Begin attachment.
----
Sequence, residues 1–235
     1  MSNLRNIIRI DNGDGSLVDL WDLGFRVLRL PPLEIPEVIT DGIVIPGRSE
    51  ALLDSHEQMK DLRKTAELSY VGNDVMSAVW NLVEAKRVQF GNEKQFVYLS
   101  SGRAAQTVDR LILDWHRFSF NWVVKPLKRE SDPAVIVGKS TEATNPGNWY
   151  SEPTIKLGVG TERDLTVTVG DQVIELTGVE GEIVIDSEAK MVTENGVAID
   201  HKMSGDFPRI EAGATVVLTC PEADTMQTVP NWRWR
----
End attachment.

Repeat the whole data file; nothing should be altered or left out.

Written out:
Sequence, residues 1–235
     1  MSNLRNIIRI DNGDGSLVDL WDLGFRVLRL PPLEIPEVIT DGIVIPGRSE
    51  ALLDSHEQMK DLRKTAELSY VGNDVMSAVW NLVEAKRVQF GNEKQFVYLS
   101  SGRAAQTVDR LILDWHRFSF NWVVKPLKRE SDPAVIVGKS TEATNPGNWY
   151  SEPTIKLGVG TERDLTVTVG DQVIELTGVE GEIVIDSEAK MVTENGVAID
   201  HKMSGDFPRI EAGATVVLTC PEADTMQTVP NWRWR